MYSTERY IS A COMPASS 
In Plato’s Meno, a poetic assertion was proposed by Socrates that a Man’s soul has acquired knowledge of all things prior to birth and thus what one perceives to be learning in life is not the acquisition of unknown knowledge, but recollection or recovery of knowledge already known. In response, he was challenged by Meno with a paradox; How does one search for something that is unknown to you when you do not know at all what it is?
Conceivably, there is a mystery to this unknown entity and that this mystery can act as a compass guiding you through the seemingly unknown.
Mystery Is A Compass delves into that theory with the disappearance of 20-year-old Everett Ruess. He was last seen in November 1934 heading into Davis Gulch off Escalante in Utah, USA. A boy utterly consumed by the wild desert landscape on a metaphysical quest in search of the unknown, rare indeed was his ability to sense beauty so acutely that it bordered on pain. A penniless romantic, he wandered through the terra incognita of the land and proclaimed in his letters to the outside world: “I have seen almost more beauty than I can bear.”
Using the pairing of images and text, I attempt to (re)present the emotions that Everett felt through his letters that were left behind. By embodying the character, I have retraced Everett’s steps in search of symbolisms within the mystery, rejuvenating his experiences of reality and enabling it to be encountered through (re)enchanted eyes.
52pp french-fold book.
150mm x 210mm
Digital Offset Printing and hand-bound.
40 hand-numbered copies, Duende Print
Publication Date: May 2018
Design and Production: Jonathan Liu
Each book includes a vintage bulldog clip.
Investigators that were sent in search of him found what looked like a campsite with some of his supplies. Further along the canyon was an arch with an enigmatic inscription at the base which read, “Nemo, 1934”. In Latin, Nemo translates to “No One”. Perhaps it was the last act of poetry by Everett. He had a tendency to change his name and took on several personas over the years and some have speculated that it had derived from Captain Nemo, a character in Jules Verne’s Twenty Thousand Leagues Under the Sea. A man who was driven by a hatred of imperialism, he was determined to escape the disappointments and frustrations of civilization. He cruised around the world in a submarine with the motto “Mobilis in Mobile”, freely translated to “Free in a Free World”.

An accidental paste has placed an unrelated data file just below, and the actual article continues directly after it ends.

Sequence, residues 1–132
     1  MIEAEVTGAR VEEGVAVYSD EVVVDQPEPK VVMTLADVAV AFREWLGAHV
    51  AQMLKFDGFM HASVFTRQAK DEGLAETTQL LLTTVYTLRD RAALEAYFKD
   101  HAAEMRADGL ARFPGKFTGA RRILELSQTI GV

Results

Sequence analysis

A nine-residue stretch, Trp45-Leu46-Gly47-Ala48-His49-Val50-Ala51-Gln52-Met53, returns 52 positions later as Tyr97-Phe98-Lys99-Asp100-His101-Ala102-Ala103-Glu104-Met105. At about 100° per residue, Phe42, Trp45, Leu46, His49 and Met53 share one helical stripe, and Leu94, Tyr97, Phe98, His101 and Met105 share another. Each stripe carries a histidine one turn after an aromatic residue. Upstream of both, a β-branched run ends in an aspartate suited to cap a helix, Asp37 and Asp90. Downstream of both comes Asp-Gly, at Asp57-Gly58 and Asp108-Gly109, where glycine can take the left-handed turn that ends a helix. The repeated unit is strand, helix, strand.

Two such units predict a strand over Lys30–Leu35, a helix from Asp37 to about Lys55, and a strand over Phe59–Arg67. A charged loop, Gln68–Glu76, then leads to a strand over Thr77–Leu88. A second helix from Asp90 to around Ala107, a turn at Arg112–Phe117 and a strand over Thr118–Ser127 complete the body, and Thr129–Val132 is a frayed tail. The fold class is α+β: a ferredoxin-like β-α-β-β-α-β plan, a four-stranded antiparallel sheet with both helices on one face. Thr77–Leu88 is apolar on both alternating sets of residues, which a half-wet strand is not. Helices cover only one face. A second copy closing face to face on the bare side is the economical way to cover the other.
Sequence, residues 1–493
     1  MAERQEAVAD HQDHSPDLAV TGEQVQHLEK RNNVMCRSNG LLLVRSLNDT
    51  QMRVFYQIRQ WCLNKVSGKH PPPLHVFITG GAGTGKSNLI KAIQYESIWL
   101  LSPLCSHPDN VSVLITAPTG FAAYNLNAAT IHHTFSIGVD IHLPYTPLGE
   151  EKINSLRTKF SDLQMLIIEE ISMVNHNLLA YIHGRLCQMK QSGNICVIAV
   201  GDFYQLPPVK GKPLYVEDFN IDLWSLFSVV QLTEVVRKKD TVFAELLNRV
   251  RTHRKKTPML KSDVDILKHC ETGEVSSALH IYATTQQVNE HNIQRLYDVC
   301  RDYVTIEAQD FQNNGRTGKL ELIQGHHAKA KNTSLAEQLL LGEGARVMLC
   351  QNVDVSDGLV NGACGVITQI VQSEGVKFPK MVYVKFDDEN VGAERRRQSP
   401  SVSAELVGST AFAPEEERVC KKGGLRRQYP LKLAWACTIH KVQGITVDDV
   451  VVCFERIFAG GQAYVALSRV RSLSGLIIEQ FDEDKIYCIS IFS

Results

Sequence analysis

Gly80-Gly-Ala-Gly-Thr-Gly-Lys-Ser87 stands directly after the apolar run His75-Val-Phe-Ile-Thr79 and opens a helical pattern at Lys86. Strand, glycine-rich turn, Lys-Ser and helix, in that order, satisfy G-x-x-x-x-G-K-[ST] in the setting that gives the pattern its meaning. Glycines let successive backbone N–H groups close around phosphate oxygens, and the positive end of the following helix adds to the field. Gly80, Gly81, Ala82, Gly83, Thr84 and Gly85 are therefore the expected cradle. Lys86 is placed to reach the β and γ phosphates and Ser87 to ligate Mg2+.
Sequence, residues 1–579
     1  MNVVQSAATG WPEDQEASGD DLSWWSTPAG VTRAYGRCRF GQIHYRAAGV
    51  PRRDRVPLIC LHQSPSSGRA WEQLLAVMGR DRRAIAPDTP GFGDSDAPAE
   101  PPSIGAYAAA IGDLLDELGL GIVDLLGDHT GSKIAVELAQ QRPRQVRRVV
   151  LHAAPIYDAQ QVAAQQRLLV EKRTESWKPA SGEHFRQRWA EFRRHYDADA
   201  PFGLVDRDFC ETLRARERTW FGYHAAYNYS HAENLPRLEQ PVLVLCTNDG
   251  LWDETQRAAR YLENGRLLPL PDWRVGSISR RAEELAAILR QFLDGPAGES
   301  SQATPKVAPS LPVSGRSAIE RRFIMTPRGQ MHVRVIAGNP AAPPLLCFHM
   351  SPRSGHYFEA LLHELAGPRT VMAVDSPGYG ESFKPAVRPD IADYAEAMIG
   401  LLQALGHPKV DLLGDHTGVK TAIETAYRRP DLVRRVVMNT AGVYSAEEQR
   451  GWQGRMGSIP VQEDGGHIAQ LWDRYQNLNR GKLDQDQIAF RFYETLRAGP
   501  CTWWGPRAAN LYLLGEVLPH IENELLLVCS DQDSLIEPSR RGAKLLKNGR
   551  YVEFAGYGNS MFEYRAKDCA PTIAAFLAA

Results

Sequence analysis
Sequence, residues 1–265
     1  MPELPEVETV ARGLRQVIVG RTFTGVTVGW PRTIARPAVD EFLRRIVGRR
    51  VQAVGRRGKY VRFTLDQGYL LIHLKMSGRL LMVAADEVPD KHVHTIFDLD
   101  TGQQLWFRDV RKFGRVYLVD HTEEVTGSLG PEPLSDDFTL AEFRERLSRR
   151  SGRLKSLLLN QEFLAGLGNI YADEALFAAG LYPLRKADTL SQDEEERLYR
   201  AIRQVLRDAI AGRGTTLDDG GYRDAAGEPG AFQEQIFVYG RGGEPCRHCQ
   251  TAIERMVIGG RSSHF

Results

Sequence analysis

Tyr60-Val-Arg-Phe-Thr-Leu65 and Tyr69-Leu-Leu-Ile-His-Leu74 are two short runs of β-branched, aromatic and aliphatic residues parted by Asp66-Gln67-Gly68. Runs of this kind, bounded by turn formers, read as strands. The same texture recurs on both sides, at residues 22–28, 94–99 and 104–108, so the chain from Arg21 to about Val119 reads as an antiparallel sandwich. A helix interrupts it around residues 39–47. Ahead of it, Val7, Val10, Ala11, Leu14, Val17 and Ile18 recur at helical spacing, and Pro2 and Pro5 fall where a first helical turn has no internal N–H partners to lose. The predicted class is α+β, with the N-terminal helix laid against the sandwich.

It mirrored Everett’s personal views of society on a whole, even possessing the characteristics of being solitary, arrogant and sensitive. But above anything else, Everett was free. During his solipsistic quest, he had a tendency towards impetuosity, taking risks in search of uncovering mysteries unknown to anyone else. Intrigued by the wilderness, he yearned for the emotional equilibrium of a primordial lifestyle with the fundamental beauty of a journey into Being.
I followed his route to the southern Utah desert seeking a deeper understanding of what his motivations were, and to witness the beauty that ultimately consumed him. In many ways I admired his bravery and selfishness while simultaneously empathising with his inability to find the companionship he so craved. The only physical legacy he had left behind is in the form of a drive-through fast food restaurant in Escalante named Nemo’s. It serves as a classic campfire tale to remind travellers of his overwhelming adventurous spirit.
Photographs are symbolic in a way where we do not see the world in them, but concepts in the world. I stood within the landscape that enchanted him and all I could see were his ghosts taking the forms of petrified trees or the darkness and shadows in a cave. He is omnipresent. I’m not fixated with capturing the moment but rather to present the temporal qualities of the sublime experience that he deeply desired. But desire is full of endless distances that one never arrives in.
The photographer, like the poet that Everett was, has no fixed identity. And through his writings we will gain insight into the mysterious character of his reality.
Nothing is as unmediated as the end of life; it is the only event one faces alone. Death’s truth is the unknown, and perhaps the lure of life’s mysteries eventually took over and solidified his destiny no less in exaltation. In his own words; “I have known too much of the depths of life already, and I would prefer anything to an anti-climax.” Perhaps disappearing was the only transcendental act he had left.